Fifty grams of spherical nickel particles having an average particle size of 75 microns were placed in a glass round bottom flask. A 5 percent solution of Liquinox detergent was added to the particles at a temperature of 60° C, and the particles were agitated within the flask for 10 minutes. Following the agitation, the particles were rinsed with deionized water, a 50 percent by volume hydrochloric acid solution was added at the 60° C. temperature and the particles were again agitated for about 10 minutes. Following three successive rinsing steps with deionized water, the particles were observed to be clean with little or no surface oxidation and with a pH of 4.
An Atomex potassium gold cyanide solution obtained from the Engelhard Corp. was then poured into the flask with the cleaned and dried nickel particles preheated to a temperature of 90° C. The solution contained 4.1 grams of gold per liter. The flask was vigorously agitated for approximately 10 to 15 minutes, and the excess solution was decanted from the flask. The particles were then rinsed and dried.
Upon removal from the flask, the spherical nickel particles were observed to have a uniform gold coating on their entire surface area. The thickness of the coating was 750 angstroms.
Spherical nickel particles having an average diameter of 60 microns were placed in a round bottom flask and cleaned in the manner described in Example I. A 45 percent by weight silver coating was applied to the nickel particles by means of conventional immersion plating, and after rinsing and drying the particles were observed to have a uniform and continuous silver coating with a thickness of 2.4 microns. The coating thickness was 4 percent of the maximum dimension of the particles.
Nickel particles having a maximum dimension of 20 microns were coated with silver through the use of the immersion plating technique to provide a uniform and continuous silver coating on each particle. The amount by weight of silver was 15 percent of the weight of the particles, and the thickness of the coating was 0.23 microns or 1.15 percent of the maximum particle dimension. A gold coating was then applied over the silver coating on each particle in the manner described in Example I. The gold coating was 8 percent by weight of the particles, and its thickness was 0.07 microns of 0.35 percent of the maximum particle dimension.
The procedure of Example III was repeated to provide silver and gold coatings on nickel particles having an average diameter of 10 microns. The silver coating represented 45 percent by weight of the particles and had a thickness of 0.69 microns or 6.9 percent of the maximum particle dimension. The gold coating was 12 percent by weight of the particles and had a thickness of 0.08 microns or 0.8 percent of the maximum particle dimension.
In each of the foregoing examples, the coated nickel particles may be combined with an organic binder formable into a matrix. For example, the coated nickel particles, in admixture with the organic binder, can be wetted in a three-roll mill; then the coated particles can be incorporated and appropriately mixed into a system in a suitable apparatus such as an ordinary paint shaker. The resulting paste is applied to a substrate, for example, a metal conductor or a capacitor, resistor, or other dielectric component, etc., in connection with the fabrication of a further circuit component, or is packaged and stored or shipped for subsequent use.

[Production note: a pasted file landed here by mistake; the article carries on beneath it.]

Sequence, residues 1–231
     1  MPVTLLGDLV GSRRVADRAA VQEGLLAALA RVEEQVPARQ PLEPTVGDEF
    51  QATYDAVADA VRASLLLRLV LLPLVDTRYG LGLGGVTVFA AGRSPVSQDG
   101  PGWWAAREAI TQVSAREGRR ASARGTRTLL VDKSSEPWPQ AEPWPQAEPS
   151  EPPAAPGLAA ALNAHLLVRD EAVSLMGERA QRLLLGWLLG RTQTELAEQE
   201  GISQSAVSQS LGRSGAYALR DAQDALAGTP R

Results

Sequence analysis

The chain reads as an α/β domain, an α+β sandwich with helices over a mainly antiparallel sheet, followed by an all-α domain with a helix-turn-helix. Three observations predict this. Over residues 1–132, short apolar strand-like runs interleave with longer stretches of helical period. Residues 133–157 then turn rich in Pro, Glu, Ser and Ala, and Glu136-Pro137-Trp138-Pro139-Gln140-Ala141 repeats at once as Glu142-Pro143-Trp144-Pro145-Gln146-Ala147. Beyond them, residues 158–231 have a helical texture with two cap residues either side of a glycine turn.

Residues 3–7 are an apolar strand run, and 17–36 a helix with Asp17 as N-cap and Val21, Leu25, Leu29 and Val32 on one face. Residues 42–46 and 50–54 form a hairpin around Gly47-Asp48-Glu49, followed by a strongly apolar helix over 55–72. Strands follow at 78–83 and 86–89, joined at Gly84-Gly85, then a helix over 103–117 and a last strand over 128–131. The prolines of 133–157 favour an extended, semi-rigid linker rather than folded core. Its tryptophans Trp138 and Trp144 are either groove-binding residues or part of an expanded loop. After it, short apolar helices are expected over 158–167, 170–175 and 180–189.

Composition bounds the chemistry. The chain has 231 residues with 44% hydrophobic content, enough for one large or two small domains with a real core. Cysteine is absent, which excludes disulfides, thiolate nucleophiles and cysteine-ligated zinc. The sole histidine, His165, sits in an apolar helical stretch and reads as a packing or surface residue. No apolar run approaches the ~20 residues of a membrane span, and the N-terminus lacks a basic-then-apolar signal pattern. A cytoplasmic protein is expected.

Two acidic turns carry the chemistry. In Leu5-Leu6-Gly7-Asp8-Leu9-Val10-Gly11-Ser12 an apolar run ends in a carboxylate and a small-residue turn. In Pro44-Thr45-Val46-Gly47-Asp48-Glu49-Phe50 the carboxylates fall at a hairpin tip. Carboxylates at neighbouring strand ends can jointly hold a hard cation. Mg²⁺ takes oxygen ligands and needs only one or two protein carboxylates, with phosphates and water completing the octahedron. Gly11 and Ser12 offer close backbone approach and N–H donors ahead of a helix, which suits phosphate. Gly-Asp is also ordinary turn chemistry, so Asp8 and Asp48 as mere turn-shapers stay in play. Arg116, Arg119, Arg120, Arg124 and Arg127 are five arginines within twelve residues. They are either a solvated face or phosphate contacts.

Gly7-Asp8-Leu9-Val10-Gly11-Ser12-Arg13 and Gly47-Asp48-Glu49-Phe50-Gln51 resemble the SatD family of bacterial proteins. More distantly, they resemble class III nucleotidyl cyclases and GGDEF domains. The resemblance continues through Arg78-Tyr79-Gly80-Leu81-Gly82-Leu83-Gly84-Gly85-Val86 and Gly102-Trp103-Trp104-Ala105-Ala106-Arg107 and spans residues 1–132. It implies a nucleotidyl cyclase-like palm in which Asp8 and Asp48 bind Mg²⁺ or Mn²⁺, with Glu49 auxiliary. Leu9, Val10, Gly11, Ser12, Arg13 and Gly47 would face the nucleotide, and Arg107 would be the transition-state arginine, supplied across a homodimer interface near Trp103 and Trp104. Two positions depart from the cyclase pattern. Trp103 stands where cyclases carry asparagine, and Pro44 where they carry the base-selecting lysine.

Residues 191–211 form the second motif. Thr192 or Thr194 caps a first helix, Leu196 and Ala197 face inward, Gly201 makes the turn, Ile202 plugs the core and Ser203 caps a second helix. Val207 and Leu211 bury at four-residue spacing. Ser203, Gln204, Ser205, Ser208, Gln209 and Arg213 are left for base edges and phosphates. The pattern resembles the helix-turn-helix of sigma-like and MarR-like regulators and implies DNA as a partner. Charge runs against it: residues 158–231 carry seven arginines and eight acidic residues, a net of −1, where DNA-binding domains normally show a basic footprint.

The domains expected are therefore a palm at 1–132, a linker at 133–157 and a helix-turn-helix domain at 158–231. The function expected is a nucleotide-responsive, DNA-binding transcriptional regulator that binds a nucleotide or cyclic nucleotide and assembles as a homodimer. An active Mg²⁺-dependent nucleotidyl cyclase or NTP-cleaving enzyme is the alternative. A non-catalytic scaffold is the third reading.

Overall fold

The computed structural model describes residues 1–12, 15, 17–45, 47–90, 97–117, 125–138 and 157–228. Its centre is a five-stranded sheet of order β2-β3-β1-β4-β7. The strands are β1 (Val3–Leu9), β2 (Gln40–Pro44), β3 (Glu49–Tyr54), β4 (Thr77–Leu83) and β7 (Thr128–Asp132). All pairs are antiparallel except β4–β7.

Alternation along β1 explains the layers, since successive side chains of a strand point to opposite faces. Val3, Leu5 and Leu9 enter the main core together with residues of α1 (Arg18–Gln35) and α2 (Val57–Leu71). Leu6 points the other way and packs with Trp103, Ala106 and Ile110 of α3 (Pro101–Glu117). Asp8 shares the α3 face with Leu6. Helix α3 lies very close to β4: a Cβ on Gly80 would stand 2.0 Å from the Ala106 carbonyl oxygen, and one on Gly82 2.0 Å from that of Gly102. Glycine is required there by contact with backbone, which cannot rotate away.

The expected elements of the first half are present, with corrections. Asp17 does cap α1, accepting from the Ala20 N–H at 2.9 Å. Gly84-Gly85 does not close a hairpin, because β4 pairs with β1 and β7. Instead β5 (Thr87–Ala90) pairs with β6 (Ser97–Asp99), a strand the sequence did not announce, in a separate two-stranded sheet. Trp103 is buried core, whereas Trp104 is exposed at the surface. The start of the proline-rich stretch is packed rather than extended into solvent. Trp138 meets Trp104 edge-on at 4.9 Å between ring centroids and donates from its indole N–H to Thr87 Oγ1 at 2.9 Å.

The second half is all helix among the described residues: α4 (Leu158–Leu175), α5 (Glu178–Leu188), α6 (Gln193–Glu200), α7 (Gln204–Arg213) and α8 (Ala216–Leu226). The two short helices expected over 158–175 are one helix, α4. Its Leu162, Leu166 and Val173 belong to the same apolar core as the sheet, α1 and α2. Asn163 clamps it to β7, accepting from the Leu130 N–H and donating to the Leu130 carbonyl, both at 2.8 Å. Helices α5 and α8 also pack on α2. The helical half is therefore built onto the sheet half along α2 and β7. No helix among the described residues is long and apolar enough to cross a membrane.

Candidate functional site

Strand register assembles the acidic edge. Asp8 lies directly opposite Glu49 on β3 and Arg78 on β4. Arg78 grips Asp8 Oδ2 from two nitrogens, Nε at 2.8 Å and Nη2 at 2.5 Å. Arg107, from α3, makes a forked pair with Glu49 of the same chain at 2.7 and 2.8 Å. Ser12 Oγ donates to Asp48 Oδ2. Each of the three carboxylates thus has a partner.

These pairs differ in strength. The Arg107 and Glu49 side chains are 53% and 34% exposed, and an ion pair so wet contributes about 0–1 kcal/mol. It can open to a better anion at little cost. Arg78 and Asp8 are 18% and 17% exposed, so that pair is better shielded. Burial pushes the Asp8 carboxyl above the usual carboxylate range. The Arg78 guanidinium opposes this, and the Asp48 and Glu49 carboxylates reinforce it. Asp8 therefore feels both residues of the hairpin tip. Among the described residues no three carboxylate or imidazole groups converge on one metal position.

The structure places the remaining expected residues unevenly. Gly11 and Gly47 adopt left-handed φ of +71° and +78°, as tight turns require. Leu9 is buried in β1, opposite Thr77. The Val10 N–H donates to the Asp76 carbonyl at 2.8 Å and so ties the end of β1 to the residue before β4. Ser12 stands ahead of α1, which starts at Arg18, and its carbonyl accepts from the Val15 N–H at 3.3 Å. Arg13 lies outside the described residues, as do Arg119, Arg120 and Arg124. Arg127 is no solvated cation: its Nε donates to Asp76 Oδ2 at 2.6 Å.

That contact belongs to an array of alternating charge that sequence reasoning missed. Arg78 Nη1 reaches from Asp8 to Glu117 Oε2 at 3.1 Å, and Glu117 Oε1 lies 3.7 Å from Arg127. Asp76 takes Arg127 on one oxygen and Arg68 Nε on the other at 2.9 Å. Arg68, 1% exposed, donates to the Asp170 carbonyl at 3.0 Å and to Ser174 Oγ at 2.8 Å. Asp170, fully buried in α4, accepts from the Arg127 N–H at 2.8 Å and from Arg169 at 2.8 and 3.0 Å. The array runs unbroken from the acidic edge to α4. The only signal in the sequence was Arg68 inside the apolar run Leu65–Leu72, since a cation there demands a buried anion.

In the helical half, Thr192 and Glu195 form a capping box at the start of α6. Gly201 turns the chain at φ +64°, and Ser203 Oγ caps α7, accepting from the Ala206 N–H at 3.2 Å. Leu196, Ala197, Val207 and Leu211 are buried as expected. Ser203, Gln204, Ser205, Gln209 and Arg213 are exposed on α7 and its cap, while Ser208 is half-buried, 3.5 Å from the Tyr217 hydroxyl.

Although the invention has been described and illustrated as having particular utility in the manufacture of coated nickel spheres, particles of various other shapes may be produced thereby without departing from the spirit or scope of the appended claims. As an illustration, nickel flakes or irregularly shaped particles, for example, may be coated with silver or gold and arrayed in a suitable matrix in the manner disclosed herein. The particles should contain sufficient nickel to provide a core material having an exposed nickel surface of sufficient thickness to enable the realization of optimum magnetic characteristics.
The terms and expressions which have been employed are used as terms of description and not of limitation, and there is no intention in the use of such terms and expressions of excluding any equivalents of the features shown and described, or portions thereof, it being recognized that various modifications are possible within the scope of the invention claimed.
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|U.S. Classification||428/403, 427/328, 427/132, 252/513, 427/214, 427/216, 427/125, 427/217, 428/570, G9B/5.276, G9B/5.253, 427/129, 252/514|
|International Classification||H05K1/09, H01F1/06, G11B5/706, H01B1/02, G11B5/712, H01B1/22|
|Cooperative Classification||Y10T428/2991, G11B5/70605, G11B5/712, H01B1/02, Y10T428/12181, H01B1/22, H01F1/061|
|European Classification||H01B1/22, G11B5/706B, H01B1/02, H01F1/06B, G11B5/712|
|Sep 21, 1987||AS||Assignment|
Owner name: POTTERS INDUSTRIES, INC., 377 ROUTE 17, HASBROUCK
Free format text: ASSIGNMENT OF ASSIGNORS INTEREST.;ASSIGNOR:TEICHMANN, ROBERT J.;REEL/FRAME:004760/0734
Effective date: 19870909
Owner name: POTTERS INDUSTRIES, INC.,NEW JERSEY
Free format text: ASSIGNMENT OF ASSIGNORS INTEREST;ASSIGNOR:TEICHMANN, ROBERT J.;REEL/FRAME:004760/0734
Effective date: 19870909
|May 31, 1991||FPAY||Fee payment|
Year of fee payment: 4
|May 22, 1995||FPAY||Fee payment|
Year of fee payment: 8
|May 17, 1999||FPAY||Fee payment|
Year of fee payment: 12